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Topic:  Is a rhombus a kite? 
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Subject:  RE: Is an integer rational? (was RE: Is a rhombus a kite?) 
Author:  gsw 
Date:  Jun 7 2005 
> Well this makes me wonder what are
> *the* integers?
> Surely their image in the rationals does satisfy
> all of the axioms required of an instance of the integer number
> system.
In fact, as for any axiomatic system, even when the
> axioms define a structure that is unique up to isomorphism there may
> be many distinct instances of that structure. (There are at least a
> couple of models of the integers constructible within Zermelo
> Frankel set theory and any of these could be used to generate a
> model of the rationals by taking ordered pairs, but there are also
> other models of both number systems that might be constructed from
> other choices of "fundamental" system.)
of course the subset of rationals that the integers map to is isometric to the
integers  or it wouldn't map. But that dont make integers rationals. You might
think I'm splitting hairs  but actually I'm being pedantic....
> To my mind, 'Mathman' is
> right, and if an embedding exists then it is correct to say that one
> structure "is contained in" (or even "is a subset of") the other.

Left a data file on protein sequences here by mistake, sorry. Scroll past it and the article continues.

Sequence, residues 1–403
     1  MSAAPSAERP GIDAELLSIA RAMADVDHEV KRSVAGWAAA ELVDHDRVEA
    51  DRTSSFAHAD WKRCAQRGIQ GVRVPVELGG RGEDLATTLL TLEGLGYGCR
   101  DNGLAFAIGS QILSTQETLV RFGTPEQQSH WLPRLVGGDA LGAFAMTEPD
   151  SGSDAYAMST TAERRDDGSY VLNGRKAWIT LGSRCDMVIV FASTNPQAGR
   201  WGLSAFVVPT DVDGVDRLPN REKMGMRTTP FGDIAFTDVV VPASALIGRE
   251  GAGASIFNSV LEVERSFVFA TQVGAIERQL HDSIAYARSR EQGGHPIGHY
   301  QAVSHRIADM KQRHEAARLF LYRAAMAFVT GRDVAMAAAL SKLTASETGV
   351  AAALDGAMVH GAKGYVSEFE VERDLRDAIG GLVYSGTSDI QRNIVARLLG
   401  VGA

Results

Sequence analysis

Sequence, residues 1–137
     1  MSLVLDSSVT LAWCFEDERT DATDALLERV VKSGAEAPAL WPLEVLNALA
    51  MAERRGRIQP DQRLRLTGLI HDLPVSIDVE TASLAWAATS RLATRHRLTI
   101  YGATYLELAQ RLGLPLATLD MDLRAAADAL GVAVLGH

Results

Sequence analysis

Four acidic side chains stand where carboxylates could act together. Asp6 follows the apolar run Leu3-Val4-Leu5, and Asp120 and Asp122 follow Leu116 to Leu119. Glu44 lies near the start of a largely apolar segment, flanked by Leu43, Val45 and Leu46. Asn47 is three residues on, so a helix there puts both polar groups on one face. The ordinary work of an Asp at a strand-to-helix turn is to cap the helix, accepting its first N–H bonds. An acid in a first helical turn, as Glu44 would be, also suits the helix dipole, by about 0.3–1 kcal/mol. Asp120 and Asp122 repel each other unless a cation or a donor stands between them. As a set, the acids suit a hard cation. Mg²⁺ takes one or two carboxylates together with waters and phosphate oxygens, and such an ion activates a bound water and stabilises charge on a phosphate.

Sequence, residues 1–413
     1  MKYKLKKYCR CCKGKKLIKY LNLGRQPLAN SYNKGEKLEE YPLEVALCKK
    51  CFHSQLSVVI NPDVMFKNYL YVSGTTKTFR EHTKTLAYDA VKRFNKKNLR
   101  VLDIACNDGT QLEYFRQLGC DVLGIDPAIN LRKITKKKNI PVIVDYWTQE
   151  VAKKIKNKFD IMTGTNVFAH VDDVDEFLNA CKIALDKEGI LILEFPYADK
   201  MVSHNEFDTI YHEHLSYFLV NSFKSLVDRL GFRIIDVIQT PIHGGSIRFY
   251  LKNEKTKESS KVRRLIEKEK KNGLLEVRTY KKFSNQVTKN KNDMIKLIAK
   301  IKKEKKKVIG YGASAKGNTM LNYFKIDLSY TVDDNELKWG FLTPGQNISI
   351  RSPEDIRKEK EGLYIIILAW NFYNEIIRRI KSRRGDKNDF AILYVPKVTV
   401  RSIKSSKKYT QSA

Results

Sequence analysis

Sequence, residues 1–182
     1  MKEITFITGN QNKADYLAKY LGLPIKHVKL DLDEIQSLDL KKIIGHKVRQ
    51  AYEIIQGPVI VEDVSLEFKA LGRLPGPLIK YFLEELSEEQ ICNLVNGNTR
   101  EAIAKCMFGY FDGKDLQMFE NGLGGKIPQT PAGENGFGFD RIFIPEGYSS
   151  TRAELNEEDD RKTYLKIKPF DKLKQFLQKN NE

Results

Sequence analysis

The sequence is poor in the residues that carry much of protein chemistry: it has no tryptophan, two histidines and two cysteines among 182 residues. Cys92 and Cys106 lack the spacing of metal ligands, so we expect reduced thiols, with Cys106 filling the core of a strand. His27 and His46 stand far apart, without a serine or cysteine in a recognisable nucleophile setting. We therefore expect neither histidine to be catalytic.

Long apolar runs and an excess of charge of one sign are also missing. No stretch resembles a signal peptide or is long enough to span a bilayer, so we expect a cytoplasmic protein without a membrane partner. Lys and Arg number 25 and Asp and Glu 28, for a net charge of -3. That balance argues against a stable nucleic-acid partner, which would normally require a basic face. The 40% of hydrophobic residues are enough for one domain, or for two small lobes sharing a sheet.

> Alan
not an embedding, a mapping.
P.S.
(back to Rhombuses and Kites
 well actually
> Squares and Rectangles)
gsw also wrote: > Kids always complain
>
> when you tell them that a square is a rectangle, and usually
> want
> to add an exclusive clause to the definition of rectangle when
>
> you point out to them that the normal definition includes squares.
> Has anyone studied or considered why kids naturally tend to do this
> even though they have no difficulty with the idea that a cat is an
> animal? Is it based on something fundamental about how we perceive
> shapes, is it because there is only one named subclass of
> rectangles, or is it just a result of how the material is first
> presented to them?
This is interesting, I think (unlike all that Foundations nonesense...) I think
it's partly because the first activity kids do with shapes is categorizing them
 sorting them into piles  which is done in a way that implies exlusivity. And
there also seems to be some piece of wiring that needs to be reminded that "All
A's are B's" != "All B's are A's"
Mostimportantly, it ties into the social nature of language  if you ask someone
how much money they have on them and they say $10, that implies, given our
social habits, that they don't have $20. But of course, if they have $20 they do
have $10... If you ask someone to say what the design is on their new carpet and
they say "ellipses" you would reasonably be surprised if it turned out to be
circles  even though circles are ellipses. Describing a square as a rectangle
breaks the usual contract. It's important to explain this in a way that doesn't
make math seem just contrary and antisocial. (But hands up all those who were
attracted to math for that very reason?)
 
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